Source Reponsible Statecraft

WASHINGTON, U.S.:Few can predict the outcome of this Sunday’s critical presidential elections in Turkey. Polls suggest considerable voter dissatisfaction within the country after over two decades of domination by the AK party of President Recep Tayyip Erdoğan — a figure who has dominated the Turkish political order for so long that, for some, change seems almost inconceivable and unsettling.

More significantly there is much electoral logrolling and manipulation of politics at the local level that could play to Erdoğan’s advantage. The election will be free, but not likely fair.

Indeed, if Erdoğan had left office after his first decade in power he would undoubtedly be heralded as the most successful prime minister in Turkish history. However, his move into a second decade of power brought out greater authoritarian tendencies that have retroactively tarnished his reputation. And he has, at the same time, changed Turkey’s place in the world immutably.

If Erdoğan loses, it will bring relief to many people within the country, particularly to those hundreds who have been jailed for expressing anti-regime views in the context of a highly controlled press. Certainly, any successor government will move to liberalize the political order, release large numbers of political prisoners, and ensure greater press freedom. But the economic problems that Turkey faces will remain very challenging, to say the least.

The West, however, will be more focused on potential changes in Turkey’s foreign policies. Erdoğan — in conjunction with his gifted and imaginative former foreign minister, Ahmet Davutoğlu — vastly expanded the geopolitical vision of Turkey’s place in the world, transforming it into a serious regional power.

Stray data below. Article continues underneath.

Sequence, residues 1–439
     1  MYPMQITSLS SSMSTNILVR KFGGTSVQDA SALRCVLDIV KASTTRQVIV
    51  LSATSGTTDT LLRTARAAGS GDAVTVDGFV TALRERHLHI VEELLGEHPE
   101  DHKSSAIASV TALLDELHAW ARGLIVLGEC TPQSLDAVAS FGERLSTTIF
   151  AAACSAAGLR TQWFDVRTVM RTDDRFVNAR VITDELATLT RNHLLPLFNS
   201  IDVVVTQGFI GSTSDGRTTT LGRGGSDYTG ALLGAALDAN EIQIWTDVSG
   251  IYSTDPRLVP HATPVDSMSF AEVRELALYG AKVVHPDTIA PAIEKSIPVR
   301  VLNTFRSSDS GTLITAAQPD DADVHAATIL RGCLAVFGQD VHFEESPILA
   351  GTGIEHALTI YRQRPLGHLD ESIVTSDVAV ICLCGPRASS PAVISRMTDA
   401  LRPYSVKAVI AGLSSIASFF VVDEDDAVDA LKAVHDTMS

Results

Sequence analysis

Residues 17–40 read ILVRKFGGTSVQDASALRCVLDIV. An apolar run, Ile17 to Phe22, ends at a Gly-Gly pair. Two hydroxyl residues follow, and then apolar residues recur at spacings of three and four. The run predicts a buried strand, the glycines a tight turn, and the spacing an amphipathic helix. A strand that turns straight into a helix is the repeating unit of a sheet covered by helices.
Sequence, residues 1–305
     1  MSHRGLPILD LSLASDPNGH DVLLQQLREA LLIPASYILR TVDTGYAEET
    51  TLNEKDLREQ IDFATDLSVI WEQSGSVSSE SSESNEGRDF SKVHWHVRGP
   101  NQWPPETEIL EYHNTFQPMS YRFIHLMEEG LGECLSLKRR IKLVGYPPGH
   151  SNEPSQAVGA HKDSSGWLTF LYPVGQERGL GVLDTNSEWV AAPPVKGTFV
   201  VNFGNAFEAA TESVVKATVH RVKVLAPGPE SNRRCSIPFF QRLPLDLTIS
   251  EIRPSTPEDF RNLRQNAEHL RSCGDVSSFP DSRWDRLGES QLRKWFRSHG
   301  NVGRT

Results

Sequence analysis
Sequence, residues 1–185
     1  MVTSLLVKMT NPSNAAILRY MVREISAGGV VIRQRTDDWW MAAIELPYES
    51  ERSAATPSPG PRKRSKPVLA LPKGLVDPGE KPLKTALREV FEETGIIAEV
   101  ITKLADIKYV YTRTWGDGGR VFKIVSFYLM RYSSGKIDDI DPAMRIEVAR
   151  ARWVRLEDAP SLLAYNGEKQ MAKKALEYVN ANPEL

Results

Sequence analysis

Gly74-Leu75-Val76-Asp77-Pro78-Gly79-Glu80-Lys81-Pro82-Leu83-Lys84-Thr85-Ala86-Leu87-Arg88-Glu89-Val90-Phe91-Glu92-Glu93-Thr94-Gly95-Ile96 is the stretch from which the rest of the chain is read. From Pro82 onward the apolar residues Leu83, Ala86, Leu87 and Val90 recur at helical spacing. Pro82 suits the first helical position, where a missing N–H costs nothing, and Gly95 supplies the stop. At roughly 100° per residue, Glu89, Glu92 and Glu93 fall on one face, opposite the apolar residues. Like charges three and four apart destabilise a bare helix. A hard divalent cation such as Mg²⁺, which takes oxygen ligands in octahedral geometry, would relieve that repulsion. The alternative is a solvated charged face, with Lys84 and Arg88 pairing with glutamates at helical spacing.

During the Cold War, Washington had considered Turkey a “loyal NATO ally.” But, with the fall of the Soviet Union, Ankara began to reimagine its role in a new world whereby it now conceived itself not only as a European power, but also as a Mediterranean, North African, Middle Eastern, Islamic, Caucasian, and Central Asian power. Indeed, Turkey’s foreign policy reach now extends down into East Africa and to Ukraine as well–perhaps a reflection of the ambitious reach of the Turkish Ottoman Empire which was once one of the world’s largest and longest-lasting empires.

Today, Turkey’s own attention has been particularly drawn towards the East — Eurasia. (Turks are well aware that their primeval homeland was around Lake Baikal in Siberia.) Despite centuries of wars with the Russian Empire as a geopolitical rival, today, despite its NATO membership, Turkey enjoys close working relations with Russia on numerous Middle East and Central Asian issues. (Except for Tajikistan, the Central Asian states of the former Soviet Union also all happen to be all Turkic-speaking.)

Indeed, Turkey’s interests extend even to the Turkic Uighur population in China’s western Xinjiang province —although Ankara has kept criticisms of Beijing’s culturally repressive policies there at a low key. And Turkey perceives the Chinese Belt and Road Initiative — extending economic trade routes, building roads, railroads, and infrastructure all across Central Asia — as important for Turkey’s own future.